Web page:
It's that time of year when we want to head out onto the open road, explore new places and enjoy the sunshine which the weather gods have hopefully given us.

We pack up the car, find the kids plenty to occupy their minds while we travel and plan to be on the roads early to avoid the holiday traffic.  You will also have made arrangements for your beloved pets to stay with friends, relatives or neighbours...but what if you want to take them on holiday with you?



If you’ve had your pet for a while then you will already know how they react to travelling in the car.  If they absolutely hate it and get sick or highly stressed, the best thing is always to leave them behind with a responsible carer.  It will only upset them and you as you drive miles away from home, knowing that they will hate every moment of it. Also leave them behind if they are injured, have a long-standing illness or are pregnant, as long journeys may aggravate their condition further.

If you are planning to stay in a hotel or B&B, do you know if they have a dog/cat policy?  Some establishments simply do not allow pets, whereas others may ask that you book a particular room, which may cost you extra.


Top Tips

Whether you’re travelling to a campsite or to stay with friends and family who are a fair distance away, here are some pointers to help ensure the safest and most stress free journey for both you and your pet.

  • Feed pets at least 2 hours before you start to travel.  They are more likely to be sick if travelling on a full stomach.
  • Pack plenty of water and a large drinking bowl.  Keep water in a cooler box if travelling on a hot day in order to keep it fresh and cold.
  • Stop at regular intervals so that they can run around and relieve themselves.  Travelling in the car is likely to make them want to go to the toilet more often than normal.  
  • Invest in some window shades, or re-use ones you may have had for your children when they were young.  This will stop the sun from hitting your pet directly, keeping them cool and helping to keep dehydration at bay.
  • Ensure that the car is well ventilated, with air conditioning or open windows.  Make sure that your pet is not able to escape through it while you are moving or when you come to a stop.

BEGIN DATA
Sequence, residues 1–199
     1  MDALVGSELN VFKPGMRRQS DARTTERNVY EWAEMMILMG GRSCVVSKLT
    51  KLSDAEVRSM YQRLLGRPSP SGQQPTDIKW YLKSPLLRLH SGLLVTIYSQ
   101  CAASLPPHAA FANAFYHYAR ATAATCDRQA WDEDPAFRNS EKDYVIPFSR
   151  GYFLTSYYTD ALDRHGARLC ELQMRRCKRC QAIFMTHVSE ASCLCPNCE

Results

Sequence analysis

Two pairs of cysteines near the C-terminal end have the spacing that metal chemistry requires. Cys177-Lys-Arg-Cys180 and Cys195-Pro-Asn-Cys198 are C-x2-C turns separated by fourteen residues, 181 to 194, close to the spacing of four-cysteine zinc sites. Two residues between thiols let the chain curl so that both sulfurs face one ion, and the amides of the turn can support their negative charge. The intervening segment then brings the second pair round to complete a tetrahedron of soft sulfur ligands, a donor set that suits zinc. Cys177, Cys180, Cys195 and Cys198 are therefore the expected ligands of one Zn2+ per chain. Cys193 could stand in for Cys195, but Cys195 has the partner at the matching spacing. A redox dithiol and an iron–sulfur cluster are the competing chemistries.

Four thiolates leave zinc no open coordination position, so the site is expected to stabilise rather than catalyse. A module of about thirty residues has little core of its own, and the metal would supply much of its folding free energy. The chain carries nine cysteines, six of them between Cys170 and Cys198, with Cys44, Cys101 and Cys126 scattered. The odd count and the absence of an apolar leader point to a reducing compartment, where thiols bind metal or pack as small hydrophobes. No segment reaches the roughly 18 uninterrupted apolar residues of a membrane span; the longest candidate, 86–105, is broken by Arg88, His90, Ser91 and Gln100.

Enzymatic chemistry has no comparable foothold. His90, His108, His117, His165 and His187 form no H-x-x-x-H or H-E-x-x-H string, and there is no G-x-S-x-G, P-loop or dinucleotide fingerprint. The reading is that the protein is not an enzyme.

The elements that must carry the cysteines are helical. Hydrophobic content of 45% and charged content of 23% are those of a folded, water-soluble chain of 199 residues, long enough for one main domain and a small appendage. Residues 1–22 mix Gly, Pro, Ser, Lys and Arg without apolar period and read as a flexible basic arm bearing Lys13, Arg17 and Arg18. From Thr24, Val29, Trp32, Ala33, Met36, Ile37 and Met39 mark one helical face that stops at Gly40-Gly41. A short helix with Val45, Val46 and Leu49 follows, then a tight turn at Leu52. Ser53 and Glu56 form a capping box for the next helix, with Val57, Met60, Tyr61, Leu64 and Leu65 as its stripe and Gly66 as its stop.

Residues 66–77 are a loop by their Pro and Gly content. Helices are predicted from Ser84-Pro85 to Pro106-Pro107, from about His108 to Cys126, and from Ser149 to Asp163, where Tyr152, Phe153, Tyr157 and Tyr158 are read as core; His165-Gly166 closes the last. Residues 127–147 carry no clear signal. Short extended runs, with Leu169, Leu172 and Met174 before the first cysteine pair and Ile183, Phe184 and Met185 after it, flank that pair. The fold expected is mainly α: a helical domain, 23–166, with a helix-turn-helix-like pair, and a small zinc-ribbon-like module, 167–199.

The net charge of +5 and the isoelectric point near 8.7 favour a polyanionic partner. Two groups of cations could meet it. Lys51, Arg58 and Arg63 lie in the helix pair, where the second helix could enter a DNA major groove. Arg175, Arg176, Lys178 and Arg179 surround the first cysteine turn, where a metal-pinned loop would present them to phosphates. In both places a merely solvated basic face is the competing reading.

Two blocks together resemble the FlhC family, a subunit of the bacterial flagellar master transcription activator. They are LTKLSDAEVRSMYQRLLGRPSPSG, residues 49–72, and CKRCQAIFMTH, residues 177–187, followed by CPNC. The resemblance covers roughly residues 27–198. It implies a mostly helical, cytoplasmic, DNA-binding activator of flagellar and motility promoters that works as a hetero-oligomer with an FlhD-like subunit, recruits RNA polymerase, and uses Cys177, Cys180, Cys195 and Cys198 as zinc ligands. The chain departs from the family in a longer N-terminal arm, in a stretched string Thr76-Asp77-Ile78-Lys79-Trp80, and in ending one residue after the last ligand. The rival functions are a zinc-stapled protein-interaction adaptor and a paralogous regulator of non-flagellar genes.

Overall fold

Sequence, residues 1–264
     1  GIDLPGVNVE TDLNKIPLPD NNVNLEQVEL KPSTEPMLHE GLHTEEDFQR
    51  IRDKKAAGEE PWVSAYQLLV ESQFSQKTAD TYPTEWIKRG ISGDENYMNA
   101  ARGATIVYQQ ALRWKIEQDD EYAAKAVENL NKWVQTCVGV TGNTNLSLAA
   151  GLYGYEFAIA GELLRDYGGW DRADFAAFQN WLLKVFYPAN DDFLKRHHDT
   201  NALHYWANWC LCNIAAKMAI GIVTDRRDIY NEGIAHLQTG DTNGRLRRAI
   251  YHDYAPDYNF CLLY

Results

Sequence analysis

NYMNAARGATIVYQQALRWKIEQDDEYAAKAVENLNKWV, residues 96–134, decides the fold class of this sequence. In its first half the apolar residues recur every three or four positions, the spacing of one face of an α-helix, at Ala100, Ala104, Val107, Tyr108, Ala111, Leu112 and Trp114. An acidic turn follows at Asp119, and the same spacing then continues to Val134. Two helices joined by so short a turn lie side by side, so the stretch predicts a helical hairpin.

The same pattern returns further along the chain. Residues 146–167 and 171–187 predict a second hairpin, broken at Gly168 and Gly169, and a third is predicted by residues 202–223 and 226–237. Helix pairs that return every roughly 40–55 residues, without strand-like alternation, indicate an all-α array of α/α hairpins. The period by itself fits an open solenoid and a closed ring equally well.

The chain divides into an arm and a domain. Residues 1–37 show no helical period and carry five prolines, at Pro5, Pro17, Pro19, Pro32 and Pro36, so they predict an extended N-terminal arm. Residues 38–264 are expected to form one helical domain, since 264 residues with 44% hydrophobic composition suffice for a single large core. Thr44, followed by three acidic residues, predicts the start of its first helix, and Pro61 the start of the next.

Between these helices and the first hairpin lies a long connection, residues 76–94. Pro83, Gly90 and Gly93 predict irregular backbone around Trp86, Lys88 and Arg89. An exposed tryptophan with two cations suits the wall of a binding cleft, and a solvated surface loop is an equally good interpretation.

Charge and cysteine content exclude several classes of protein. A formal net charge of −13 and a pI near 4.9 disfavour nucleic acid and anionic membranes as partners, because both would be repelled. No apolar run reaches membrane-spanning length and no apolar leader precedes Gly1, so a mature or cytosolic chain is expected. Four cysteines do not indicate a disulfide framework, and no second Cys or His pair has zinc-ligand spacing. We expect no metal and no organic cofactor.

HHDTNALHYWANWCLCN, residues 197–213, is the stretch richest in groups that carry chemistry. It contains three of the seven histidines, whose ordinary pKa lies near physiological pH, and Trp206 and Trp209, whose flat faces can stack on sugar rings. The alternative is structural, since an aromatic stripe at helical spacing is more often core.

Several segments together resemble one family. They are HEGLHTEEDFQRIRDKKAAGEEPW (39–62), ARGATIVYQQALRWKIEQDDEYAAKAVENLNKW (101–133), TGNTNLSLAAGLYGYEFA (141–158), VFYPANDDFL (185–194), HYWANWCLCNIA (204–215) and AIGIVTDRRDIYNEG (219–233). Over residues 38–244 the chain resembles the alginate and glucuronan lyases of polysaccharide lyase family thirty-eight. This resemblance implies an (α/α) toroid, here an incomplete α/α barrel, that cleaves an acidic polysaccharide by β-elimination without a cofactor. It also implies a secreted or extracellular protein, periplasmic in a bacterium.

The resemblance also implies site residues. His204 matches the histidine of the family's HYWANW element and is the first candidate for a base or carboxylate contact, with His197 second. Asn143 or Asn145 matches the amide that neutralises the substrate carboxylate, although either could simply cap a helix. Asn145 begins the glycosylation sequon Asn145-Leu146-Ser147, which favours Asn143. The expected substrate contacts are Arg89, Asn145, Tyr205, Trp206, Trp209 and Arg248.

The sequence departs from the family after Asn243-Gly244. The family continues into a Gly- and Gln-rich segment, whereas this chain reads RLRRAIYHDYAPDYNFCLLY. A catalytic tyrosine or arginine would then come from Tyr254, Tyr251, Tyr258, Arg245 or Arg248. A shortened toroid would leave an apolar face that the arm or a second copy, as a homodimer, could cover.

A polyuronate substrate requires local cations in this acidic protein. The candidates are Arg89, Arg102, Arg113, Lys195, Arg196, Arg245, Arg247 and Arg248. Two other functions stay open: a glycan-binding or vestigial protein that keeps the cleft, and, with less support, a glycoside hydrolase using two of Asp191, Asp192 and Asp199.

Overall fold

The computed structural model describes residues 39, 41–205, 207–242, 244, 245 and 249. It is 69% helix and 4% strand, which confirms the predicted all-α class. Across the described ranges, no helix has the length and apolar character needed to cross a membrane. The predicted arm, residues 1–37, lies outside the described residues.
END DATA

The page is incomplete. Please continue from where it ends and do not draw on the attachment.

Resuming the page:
• If your pets are prone to motion sickness and you have no choice but to take them with you, make sure that you visit your local vet a few days before you travel.  As with humans, pets can often be given medication which will help to keep nausea at bay.
  • If your dog or cat is likely to jump around the car while you are driving, then use a dog guard to keep them in the boot space, or a harness which will strap them into the car in the same way as a human!  Try the Saunders Dog Guard Tubular T15 or the RAC Adjustable 2 in 1 Car Harness Dog Seat Belt.  To ensure your cat stays comfortable during a long journey we think the Catit Voyageur cat carrier is purrfect!
When you reach your destination, try to keep your pets routine as normal as possible.  They do not always react well to change, particularly when they are away from home. Stick to their normal food and walk times, making sure they have a comfortable bed space where they can rest without being disturbed.



  • Ensure that your pet is microchipped before you take them on holiday.  If the worst does happen and they get away from you, any vet or rescue centre will be able to contact you immediately.
  • Never, ever leave your pet on their own in a car during the summer, as this could potentially be fatal.  
  • Your dog or cat has a bag to pack to.  They will need their lead and collar, favourite toy, treats, medication, blanket or bed and enough food to last the entire holiday.
  • Take care when travelling on a ferry or train too, as this can be equally as distressing.
If you plan ahead and factor your pets into your travel plans from the start, there is no reason why your furry friends won’t enjoy the family holiday as much as you!


Post By Kimberley Roderick